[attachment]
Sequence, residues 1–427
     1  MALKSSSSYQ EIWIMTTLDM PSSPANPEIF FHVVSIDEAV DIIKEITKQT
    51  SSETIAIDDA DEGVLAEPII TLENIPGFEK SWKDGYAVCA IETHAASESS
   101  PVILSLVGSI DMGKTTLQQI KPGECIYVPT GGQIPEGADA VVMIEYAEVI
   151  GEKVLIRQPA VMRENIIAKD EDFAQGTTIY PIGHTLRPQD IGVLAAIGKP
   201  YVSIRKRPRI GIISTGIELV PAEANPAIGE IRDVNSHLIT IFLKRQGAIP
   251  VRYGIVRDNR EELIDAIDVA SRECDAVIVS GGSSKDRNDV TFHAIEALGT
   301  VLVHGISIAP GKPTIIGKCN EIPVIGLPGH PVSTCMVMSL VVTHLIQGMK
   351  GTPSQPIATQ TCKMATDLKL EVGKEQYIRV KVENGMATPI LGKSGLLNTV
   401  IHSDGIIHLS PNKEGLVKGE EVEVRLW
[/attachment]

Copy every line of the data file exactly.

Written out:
Sequence, residues 1–427
     1  MALKSSSSYQ EIWIMTTLDM PSSPANPEIF FHVVSIDEAV DIIKEITKQT
    51  SSETIAIDDA DEGVLAEPII TLENIPGFEK SWKDGYAVCA IETHAASESS
   101  PVILSLVGSI DMGKTTLQQI KPGECIYVPT GGQIPEGADA VVMIEYAEVI
   151  GEKVLIRQPA VMRENIIAKD EDFAQGTTIY PIGHTLRPQD IGVLAAIGKP
   201  YVSIRKRPRI GIISTGIELV PAEANPAIGE IRDVNSHLIT IFLKRQGAIP
   251  VRYGIVRDNR EELIDAIDVA SRECDAVIVS GGSSKDRNDV TFHAIEALGT
   301  VLVHGISIAP GKPTIIGKCN EIPVIGLPGH PVSTCMVMSL VVTHLIQGMK
   351  GTPSQPIATQ TCKMATDLKL EVGKEQYIRV KVENGMATPI LGKSGLLNTV
   401  IHSDGIIHLS PNKEGLVKGE EVEVRLW